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  • Nikki Mantell

Watering holes at boiling point

It’s not just Wakefield and Chelsea’s Church Road neighbours that are feeling overwhelmed by the influx of rule-flaunting visitors ‘from away’ at a time when we all need to be social distancing. With flights cancelled, the Quebec government is actively encouraging us all to “staycation” close to home during this pandemic. It’s no surprise that this message, combined with a serious case of cabin fever (or rather, condo fever) after being cooped up for months, is creating a situation where urbanites are jumping into their cars and flocking to small, picturesque places like the Gatineau Hills, which offer access to the beautiful outdoors and less COVID-risky fresh air.


But as we can see by the front page stories in this edition, that influx of visitors is taking its toll on small towns here, and across the province. The Montreal Gazette reported this week that the Quebec town of Rawdon completely closed its popular beaches and waterfalls to outsiders after being overrun by urbanites trying to escape the heat wave. “Overwhelming a place, crowding on beaches or in parks, leaving litter behind and failing to socially distance is boorish and rude” one of their columnists points out.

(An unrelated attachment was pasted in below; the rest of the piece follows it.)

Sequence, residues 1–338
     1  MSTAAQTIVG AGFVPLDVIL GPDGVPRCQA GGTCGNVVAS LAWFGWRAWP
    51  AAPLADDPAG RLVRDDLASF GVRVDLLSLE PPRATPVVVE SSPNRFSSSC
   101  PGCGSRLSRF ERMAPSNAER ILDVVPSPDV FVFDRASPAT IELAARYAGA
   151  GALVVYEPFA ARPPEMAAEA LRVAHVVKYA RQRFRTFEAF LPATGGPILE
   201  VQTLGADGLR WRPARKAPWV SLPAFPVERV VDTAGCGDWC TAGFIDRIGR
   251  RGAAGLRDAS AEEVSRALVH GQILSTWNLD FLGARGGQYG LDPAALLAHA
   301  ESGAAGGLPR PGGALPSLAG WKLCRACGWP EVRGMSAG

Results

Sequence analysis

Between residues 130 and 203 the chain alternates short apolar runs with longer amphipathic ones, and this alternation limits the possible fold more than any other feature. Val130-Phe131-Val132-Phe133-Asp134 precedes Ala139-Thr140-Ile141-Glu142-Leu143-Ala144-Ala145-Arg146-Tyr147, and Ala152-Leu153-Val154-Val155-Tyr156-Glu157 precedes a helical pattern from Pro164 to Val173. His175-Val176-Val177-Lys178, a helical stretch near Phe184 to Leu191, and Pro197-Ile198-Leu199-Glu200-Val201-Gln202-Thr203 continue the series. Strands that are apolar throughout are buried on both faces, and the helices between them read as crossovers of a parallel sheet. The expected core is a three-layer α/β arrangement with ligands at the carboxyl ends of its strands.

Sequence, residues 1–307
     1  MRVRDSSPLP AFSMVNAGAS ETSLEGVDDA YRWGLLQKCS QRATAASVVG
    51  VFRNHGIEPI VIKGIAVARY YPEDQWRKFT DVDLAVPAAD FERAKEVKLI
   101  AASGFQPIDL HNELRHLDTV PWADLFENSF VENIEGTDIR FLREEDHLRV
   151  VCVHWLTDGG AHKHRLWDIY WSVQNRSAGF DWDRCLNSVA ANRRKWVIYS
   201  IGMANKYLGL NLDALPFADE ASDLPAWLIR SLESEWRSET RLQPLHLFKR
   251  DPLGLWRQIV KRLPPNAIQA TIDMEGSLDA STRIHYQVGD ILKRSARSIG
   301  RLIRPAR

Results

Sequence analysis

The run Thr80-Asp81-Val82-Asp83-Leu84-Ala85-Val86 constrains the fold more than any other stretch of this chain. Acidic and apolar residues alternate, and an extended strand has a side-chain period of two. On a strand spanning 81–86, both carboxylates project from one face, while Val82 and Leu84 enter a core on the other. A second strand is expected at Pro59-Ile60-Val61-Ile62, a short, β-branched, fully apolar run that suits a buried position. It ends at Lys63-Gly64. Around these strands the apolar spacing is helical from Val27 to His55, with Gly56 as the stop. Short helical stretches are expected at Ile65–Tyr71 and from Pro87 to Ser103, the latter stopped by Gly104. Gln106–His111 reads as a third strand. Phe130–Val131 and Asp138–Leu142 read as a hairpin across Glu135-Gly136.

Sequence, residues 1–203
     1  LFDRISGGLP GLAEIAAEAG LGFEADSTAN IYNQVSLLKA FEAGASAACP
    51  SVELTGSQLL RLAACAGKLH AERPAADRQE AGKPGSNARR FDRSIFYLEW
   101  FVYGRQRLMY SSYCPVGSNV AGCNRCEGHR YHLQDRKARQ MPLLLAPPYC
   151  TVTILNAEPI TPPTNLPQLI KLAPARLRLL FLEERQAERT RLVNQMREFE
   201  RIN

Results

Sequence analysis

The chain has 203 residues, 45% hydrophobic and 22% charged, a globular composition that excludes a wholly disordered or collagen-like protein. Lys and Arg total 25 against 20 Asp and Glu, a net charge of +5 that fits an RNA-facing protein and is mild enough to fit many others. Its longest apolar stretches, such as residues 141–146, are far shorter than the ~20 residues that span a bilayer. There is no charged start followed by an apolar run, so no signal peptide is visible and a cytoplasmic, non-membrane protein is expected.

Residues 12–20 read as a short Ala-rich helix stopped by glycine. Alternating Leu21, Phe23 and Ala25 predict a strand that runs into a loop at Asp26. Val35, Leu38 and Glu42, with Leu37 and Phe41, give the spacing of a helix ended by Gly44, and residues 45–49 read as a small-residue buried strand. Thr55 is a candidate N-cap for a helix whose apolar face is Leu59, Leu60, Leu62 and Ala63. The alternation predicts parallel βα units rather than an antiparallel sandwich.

We couldn’t agree more — and the tension is reaching a boiling point, especially in the Wakefield bay. But tourism is the number one industry in our particular region, including Wakefield and Chelsea; it’s what keeps most local businesses going, and so shutting everything down isn’t an option.


We checked in with Wakefield La Pêche Chamber’s president Shelley Crabtree, who had some excellent ideas for the village as it copes with Dockapalooza — ideas that Chelsea should also consider as it readies to open its community trail’s river access points. After all, it’s not like the region’s popularity, or the virus, are going away in the next 18 months.


Parking – Why not